many companies lining up aggressive investment plans for
    the Indian Markers.

   Panasonic is planning to line up US$200 million investment in
    India over the next 3 years for setting up new units, brand
    positioning and upgrading its facilities.

   Japanese engineering major, Toshiba plans to put up a
    power boiler plant at Ennore, north of Chennai with an initial
    investment of around US$ 232.91 Million.

   Dell would be investing more in India to commensurate with
    the growth of its products.
   Intel Corp will invest US$ 40 billion in partnership with Indian IT
    companies to create an end to end IT solution for the health
    sector in the country .

   Cairn India, the Indian arm of British oil and gas company
    Carin Energy, will invest about US$ 2 billion over the next 18
    months for the development of oil fields abd building a
    pipeline.

   HPCL and Mittal Energy will together put in US$ 81.94 Billion
    worth investment in developing a petrol hub.

   Havells India will bring in US$ 64.92 million as issue of shares
    and convertible warrants.
   Essar Power will infuse upto US$ 2 billion as foreign equity for
    undertaking various downstream projects including power
    and coal mining.

   Coca –Cola India Plans to invest US$ 250 Million over the next
    three years in equipment purchases, brand promotion and
    marketing.

   Goldman Sachs ( Mauritius ) NBFC LLC will invest US$ 46.51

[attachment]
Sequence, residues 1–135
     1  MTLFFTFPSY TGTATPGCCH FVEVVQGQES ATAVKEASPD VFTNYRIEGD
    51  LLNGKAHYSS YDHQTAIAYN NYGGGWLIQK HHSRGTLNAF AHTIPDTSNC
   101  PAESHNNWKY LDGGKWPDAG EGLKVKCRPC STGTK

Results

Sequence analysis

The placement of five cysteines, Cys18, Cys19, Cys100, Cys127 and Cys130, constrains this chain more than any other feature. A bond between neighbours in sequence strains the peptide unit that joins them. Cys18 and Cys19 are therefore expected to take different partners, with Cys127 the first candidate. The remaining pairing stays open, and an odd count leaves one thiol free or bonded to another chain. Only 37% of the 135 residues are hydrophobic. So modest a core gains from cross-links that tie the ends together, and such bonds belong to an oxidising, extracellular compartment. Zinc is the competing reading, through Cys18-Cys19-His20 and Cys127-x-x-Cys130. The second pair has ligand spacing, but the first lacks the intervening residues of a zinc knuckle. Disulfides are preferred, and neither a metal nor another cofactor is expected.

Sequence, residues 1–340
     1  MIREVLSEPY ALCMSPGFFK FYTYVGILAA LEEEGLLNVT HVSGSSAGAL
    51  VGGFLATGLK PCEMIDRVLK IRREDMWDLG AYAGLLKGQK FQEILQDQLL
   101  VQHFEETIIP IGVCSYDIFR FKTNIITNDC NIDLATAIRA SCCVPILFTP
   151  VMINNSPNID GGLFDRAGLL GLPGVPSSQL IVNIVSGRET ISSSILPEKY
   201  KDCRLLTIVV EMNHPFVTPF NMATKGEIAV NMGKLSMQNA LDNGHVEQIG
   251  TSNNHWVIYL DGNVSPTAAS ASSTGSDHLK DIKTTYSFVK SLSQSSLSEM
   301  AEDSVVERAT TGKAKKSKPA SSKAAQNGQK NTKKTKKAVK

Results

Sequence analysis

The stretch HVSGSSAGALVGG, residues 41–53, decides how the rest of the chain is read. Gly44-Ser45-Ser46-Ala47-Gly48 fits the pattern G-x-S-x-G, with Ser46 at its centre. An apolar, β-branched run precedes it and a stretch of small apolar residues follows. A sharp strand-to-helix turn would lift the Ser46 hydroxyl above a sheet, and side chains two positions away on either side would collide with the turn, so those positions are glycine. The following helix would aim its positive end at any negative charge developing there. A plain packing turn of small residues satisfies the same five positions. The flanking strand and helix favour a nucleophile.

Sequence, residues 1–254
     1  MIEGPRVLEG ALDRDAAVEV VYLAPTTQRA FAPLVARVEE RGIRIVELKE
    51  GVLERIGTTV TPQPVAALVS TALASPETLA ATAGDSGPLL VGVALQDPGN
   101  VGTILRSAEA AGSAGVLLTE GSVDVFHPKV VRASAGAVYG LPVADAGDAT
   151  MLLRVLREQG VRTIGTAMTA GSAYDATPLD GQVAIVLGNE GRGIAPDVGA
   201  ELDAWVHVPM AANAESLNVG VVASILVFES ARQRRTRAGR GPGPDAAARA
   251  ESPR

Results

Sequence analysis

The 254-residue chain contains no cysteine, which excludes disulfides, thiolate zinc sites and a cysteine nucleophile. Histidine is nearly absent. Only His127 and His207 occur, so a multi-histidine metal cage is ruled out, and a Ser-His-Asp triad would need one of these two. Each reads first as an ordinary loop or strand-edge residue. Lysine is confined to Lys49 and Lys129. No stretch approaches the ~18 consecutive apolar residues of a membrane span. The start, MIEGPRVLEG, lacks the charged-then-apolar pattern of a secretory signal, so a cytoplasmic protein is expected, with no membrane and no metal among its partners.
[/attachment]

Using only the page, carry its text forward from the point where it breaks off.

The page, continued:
Million in NBFC activities.

   A Merrill Lynch & Co entity has bought 49 percent equity in
    several residential projects in Chennai, Bangalore, Kochi and
    Indore for US$ 345.78 million.
   The Government would soon remove the compulsory disinvestment
    clause on overseas companies in major sectors like food processing and
    chemicals, a move aimed at simplifying foreign direct investment (FDI)
    rules further. The finance ministry is weighing the proposal after the
    Department of Industrial Policy and Promotion suggested waiving the
    clause for all companies that have decided on disinvestment.

   The Government may allow 49 percent FDI in segments such as gems &
    jewellery and apparel after National Council of Applied Economic
    Research (NCAER), which studies the effects of multi-brand retail in
    India, submits its report.

   Restructuring the Foreign Investment Promotion Board ( FIPB)

   The Union Minister of Commerce & Industry, has stated that Foreign
    Direct Investment (FDI) up to 100 percent is permitted under the
    automatic route in most of the sectors .
   Progressively raising the FDI cap in other sectors like telecom,
    aviation, banking, petroleum and media sectors among the others.

   Removal of the investment cap in the small scale industries sector
    (SSI)